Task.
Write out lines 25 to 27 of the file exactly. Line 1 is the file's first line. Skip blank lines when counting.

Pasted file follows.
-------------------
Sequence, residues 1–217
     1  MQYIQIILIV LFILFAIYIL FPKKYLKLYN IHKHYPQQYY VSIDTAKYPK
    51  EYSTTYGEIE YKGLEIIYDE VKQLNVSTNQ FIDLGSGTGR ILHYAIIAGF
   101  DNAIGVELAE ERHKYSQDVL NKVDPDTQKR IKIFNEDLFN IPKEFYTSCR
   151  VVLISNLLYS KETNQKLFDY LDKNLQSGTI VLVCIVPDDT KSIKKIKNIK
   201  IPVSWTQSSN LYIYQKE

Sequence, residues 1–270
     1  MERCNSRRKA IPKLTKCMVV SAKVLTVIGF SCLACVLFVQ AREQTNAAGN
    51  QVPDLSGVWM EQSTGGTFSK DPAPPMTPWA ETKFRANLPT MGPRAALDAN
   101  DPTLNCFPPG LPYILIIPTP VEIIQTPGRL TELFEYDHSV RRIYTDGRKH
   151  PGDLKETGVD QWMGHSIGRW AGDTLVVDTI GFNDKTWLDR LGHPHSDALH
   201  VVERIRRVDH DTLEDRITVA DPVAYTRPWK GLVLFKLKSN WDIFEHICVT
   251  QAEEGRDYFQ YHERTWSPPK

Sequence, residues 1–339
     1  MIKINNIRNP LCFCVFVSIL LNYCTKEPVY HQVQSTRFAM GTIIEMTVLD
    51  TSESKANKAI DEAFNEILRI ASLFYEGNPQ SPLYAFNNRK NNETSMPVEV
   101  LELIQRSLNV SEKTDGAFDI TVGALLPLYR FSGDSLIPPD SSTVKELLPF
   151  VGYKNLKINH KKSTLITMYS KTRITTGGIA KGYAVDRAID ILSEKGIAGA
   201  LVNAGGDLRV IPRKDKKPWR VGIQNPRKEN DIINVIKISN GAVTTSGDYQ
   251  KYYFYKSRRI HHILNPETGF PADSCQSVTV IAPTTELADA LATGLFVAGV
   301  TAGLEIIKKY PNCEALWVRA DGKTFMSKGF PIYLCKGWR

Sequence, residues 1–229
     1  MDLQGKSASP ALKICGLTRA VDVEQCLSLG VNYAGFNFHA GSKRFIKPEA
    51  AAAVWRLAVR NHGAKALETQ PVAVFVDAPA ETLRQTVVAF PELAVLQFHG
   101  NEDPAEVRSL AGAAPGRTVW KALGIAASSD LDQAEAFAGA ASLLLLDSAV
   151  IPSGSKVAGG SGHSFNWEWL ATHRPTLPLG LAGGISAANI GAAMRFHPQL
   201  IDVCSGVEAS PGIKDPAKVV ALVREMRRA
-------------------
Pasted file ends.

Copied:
   101  NEDPAEVRSL AGAAPGRTVW KALGIAASSD LDQAEAFAGA ASLLLLDSAV
   151  IPSGSKVAGG SGHSFNWEWL ATHRPTLPLG LAGGISAANI GAAMRFHPQL
   201  IDVCSGVEAS PGIKDPAKVV ALVREMRRA